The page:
Surface disintegration is a term used to describe defects such as fretting or ravelling in which aggregate is removed from the pavement surface. Left untreated this can result in the removal of localised areas of pavement surface, forming potholes and allowing water into the lower pavement layers.
Algorithms have been developed to make use of data collected within routine network surveys (TRACS) to detect and report signs of surface disintegration. These use profile data to characterise the pavement surface, identifying localised areas where fretting may be present. The data available to this approach is not detailed enough to pick up the early signs of the onset of surface disintegration.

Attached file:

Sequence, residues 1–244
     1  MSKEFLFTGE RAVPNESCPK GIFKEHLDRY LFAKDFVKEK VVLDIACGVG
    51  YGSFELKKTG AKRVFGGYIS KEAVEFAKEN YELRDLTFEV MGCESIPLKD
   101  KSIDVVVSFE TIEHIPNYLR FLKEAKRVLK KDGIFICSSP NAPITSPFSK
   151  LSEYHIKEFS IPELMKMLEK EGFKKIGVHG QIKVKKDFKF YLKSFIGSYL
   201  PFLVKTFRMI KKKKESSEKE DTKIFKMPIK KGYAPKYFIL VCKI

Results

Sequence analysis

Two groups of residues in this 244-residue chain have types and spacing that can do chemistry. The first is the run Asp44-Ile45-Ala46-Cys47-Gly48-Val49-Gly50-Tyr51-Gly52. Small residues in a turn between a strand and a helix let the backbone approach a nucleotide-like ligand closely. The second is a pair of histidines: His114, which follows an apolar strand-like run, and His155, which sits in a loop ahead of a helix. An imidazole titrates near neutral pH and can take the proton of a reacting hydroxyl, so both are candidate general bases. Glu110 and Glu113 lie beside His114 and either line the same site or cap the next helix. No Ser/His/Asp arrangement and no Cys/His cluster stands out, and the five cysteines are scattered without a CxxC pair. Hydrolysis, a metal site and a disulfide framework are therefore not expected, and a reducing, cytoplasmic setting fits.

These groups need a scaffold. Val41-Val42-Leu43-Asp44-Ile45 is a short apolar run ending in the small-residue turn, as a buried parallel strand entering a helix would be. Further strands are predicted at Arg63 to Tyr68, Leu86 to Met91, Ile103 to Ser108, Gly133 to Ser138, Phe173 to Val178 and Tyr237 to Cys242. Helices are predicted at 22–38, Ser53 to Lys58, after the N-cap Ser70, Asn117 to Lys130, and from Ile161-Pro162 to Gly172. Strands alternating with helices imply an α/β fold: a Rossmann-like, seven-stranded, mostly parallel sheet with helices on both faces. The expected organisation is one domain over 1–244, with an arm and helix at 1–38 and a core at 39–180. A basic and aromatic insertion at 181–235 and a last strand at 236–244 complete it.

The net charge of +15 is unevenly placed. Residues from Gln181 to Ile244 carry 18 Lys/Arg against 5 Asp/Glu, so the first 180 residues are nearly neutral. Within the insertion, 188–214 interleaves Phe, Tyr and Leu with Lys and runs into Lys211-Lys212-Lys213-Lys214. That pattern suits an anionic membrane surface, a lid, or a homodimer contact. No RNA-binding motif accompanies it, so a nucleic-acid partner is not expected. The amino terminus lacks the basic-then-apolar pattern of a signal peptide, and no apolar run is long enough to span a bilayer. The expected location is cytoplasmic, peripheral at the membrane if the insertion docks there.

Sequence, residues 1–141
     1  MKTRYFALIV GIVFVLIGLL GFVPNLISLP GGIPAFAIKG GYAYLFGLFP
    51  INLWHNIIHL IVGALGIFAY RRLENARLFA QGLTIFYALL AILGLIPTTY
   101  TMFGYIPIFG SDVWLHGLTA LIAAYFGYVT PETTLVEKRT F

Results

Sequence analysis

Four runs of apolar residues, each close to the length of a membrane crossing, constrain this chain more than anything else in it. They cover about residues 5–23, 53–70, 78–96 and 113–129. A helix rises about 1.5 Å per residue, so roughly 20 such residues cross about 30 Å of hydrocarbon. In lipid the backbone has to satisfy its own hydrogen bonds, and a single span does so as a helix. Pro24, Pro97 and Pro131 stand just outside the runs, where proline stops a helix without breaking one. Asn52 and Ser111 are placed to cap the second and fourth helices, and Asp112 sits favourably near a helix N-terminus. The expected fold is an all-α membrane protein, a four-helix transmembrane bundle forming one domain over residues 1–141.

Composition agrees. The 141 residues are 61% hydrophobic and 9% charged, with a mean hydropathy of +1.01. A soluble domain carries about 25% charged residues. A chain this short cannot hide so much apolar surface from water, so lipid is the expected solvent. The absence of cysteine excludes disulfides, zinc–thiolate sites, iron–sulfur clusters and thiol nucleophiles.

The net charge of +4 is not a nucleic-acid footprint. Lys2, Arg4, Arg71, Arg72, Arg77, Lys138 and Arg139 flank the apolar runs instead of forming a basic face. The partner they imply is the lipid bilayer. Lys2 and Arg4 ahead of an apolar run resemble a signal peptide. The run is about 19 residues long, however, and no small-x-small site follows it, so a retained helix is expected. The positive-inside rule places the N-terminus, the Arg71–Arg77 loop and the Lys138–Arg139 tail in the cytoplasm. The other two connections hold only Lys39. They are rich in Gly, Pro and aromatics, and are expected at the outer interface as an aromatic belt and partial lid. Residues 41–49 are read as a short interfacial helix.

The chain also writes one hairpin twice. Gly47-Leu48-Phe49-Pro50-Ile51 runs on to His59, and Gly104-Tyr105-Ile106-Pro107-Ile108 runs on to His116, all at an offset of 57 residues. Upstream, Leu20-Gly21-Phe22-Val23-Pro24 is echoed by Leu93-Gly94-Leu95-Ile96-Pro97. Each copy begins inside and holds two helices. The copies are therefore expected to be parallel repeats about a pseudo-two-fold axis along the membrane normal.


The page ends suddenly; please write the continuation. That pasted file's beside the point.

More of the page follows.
A need has therefore been identified for research into methods which could provide an earlier warning of surface disintegration, which would provide a longer window of opportunity to maintain the pavement before it failed.
The research presented in this report describes the development of a mobile data collection platform for high-resolution 3-D profile, and discusses the use of the system to collect data on a number of surfaces. The visual identification of differences in surface condition is presented and discussed, as is a range of parameters to quantify the changes in surface condition.
Recommendations are made to investigate the use of such measurements in controlled conditions. This will develop our understanding of the measurement sensitivities required to detect the early signs of deterioration, and be invaluable in defining minimum requirements for data collection systems suitable for inclusion in future TRACS contracts.

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